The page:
2016 Hyundai Tucson Limited AWD Review
Hyundai's semi-fancy small SUV is nice, but is it nice enough?
Web2Carz Contributing Writer
Published: September 28th, 2015
The Hyundai Tucson was an early entry into the crossover market, debuting way back in 2004. Since then it's morphed from a clunky CR-V wannabe to a semi-unique-looking crossover (crossovers can only look so unique, basically it's all about that face), that provides excellent safety and fuel economy for an attractive price.
The current, third, generation of the Tucson is visually much improved from its previous incarnations. With slimmer headlights and a more aggressive grille, the Tucson has a slight touch of menace, which is what passes for character in crossovers. All in all, it doesn't look out of place with any modern crossover, including ones costing well over twice as much.
Hyundai has grown quite good at delivering high-end luxury options for bargain-basement prices, and the Tucson is no exception. We tested the top-of-the-line Limited trim, but at $32,510 out the door, it's still a ridiculous bargain.
Heated and ventilated front seats, as well as the beautiful panoramic sunroof, would usually add a quick $10K to the bottom line if this were any other carmaker's car. Add to those an extremely capable sound system and one of the best-looking and easiest-to-use infotainment systems on the road. And you've easily got a $50,000-car's worth of fab gear.
Crossovers are all about the space (all about that space, no cramping), and thus the fanciness of the interior must give way to the obsessive need for enough space to fit the biggest thing you'll ever move, along with various storage compartments. That's not to say that the Tucson's various lines and arcs aren't pleasant to behold, it's just that these cars can only ever look so nice inside.
On the Road
Hyundais may be second only to Lexuses when it comes to ease of driving. The Tucson is as close to self-driving as it's possible for a non-self-driving car to feel. All systems respond to your input in a precise and predictable manner, but beyond that there's no sense of connectedness between car, driver, and road. It's as though your moving of the steering wheel or your applying of the brakes are just suggestions that the car was going to do whether you suggested them or not.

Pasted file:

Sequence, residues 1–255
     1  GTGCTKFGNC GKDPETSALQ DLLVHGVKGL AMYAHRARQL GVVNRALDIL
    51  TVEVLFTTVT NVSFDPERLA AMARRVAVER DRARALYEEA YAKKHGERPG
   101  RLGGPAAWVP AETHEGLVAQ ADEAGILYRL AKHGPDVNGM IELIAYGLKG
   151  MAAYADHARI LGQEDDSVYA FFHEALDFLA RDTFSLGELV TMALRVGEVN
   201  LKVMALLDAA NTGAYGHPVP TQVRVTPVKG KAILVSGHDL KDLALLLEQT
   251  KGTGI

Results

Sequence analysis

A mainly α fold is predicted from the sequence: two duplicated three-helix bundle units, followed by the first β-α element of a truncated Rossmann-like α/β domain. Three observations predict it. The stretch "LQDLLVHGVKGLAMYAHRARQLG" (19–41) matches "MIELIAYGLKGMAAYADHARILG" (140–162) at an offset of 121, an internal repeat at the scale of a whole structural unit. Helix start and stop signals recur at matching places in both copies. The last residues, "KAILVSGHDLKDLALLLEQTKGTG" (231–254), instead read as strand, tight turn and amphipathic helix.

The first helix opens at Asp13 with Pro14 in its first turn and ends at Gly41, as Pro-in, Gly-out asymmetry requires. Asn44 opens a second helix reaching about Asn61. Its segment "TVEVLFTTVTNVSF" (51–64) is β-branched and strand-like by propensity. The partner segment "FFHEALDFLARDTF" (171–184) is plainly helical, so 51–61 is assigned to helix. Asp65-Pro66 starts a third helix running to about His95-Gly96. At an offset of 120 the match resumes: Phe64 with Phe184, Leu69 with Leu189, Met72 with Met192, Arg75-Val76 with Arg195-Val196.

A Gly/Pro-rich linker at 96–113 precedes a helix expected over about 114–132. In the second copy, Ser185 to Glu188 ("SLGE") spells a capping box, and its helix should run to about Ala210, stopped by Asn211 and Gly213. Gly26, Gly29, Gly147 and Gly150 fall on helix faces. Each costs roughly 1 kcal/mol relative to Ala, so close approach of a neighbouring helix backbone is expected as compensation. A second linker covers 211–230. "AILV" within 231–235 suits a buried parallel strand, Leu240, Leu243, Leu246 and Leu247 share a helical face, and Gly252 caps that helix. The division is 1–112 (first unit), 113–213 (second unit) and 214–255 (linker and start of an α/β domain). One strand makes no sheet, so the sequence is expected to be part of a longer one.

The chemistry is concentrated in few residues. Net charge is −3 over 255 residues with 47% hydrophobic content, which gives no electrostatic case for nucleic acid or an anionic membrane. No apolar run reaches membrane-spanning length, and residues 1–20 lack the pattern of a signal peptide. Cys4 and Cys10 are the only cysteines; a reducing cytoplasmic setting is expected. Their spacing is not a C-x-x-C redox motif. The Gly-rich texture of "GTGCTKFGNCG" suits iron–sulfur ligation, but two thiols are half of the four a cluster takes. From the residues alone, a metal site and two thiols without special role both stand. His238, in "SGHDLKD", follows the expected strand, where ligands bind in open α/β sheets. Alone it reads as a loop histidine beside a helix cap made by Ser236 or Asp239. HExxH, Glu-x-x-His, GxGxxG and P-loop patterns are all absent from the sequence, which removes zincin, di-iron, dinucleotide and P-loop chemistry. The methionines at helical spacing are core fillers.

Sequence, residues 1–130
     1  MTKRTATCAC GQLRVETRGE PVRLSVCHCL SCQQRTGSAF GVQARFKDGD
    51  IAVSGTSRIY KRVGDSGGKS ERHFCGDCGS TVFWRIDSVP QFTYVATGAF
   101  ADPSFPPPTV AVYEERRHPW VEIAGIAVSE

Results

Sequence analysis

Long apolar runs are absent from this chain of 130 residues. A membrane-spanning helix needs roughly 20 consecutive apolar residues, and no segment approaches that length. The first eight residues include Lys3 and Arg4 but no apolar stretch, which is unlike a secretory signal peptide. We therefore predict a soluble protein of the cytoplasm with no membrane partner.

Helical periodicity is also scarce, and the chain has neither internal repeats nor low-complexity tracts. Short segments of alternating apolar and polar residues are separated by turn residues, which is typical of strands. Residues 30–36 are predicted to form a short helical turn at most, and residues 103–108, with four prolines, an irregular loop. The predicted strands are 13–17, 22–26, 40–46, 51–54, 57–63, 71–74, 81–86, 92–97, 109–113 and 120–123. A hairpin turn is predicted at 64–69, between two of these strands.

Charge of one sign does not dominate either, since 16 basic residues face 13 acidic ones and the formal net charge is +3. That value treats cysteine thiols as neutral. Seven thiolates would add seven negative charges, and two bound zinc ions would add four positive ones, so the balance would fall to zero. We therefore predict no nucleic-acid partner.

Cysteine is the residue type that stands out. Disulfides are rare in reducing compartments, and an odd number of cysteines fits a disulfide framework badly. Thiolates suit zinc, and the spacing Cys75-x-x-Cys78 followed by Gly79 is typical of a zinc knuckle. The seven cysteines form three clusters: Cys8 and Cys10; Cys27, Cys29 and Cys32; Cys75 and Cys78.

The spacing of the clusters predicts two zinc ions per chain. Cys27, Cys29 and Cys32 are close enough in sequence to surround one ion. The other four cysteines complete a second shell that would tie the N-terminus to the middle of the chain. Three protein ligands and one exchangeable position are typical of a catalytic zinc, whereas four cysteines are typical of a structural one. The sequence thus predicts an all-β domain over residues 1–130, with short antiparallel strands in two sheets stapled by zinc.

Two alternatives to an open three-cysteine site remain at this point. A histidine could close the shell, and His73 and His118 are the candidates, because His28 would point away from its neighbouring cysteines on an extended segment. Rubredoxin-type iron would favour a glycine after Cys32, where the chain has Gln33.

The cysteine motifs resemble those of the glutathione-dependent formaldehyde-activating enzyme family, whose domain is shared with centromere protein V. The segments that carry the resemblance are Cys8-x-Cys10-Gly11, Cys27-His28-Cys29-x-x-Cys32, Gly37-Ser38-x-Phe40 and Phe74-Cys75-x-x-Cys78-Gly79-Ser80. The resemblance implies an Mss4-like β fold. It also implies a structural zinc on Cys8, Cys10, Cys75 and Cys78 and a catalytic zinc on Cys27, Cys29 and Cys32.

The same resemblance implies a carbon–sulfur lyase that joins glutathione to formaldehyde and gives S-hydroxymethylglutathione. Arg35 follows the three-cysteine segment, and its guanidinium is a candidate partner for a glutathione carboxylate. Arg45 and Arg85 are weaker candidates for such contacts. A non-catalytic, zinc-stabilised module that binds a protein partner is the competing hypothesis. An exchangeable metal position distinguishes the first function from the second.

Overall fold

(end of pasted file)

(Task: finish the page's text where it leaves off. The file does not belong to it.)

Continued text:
That may make the Tucson a poor choice for those who like a bit of excitement behind the wheel, but an extremely wise choice for the average driver, who's far more interested in getting home safely than in triggering their fight or flight response. The Tucson, in addition to being outfitted like a luxury vehicle, is as soft and quiet as one.
The only area in which the Tucson lacks is in super-high-tech safety features. While it does have collision mitigation and lane-keeping alert, it lacks adaptive cruise, as well as lane-keeping assist - two things that would greatly enhance its safety while also making it that much more like a self-driving car.
Although extremely well-optioned for the price (as are all Hyundai/Kias these days), The Tucson is lacking in some essential safety technology that's sure to be important to buyers in this class. However, for those looking for a bargain on a capable crossover, the Tucson remains a compelling choice.
Specs & Prices
Engine: 1.6-liter turbocharged inline-four
Transmission: Seven-speed dual-clutch automatic
Drivetrain Layout: Front-engine, all-wheel drive
Power Output: 175 hp / 195 lb-ft
Fuel Economy (mpg): 24 city / 28 highway
Base Price: $31,300
As Tested: $32,510 (includes $895 destination charge)
Standard Features: 19-inch alloy wheels, hands-free lift gate, LED headlights, fog lights, leather sport seats, heated and ventilated power front seats, leather-wrapped tilt-and-telescope steering wheel, 8-inch touchscreen with navigation, SiriusXM radio, blind spot detection, lane change assist
Other Options: Cargo cover, carpeted floor mats
• For more information such as specs, prices, and photos of the 2016 Hyundai Tucson, click here: 2016 Hyundai Tucson.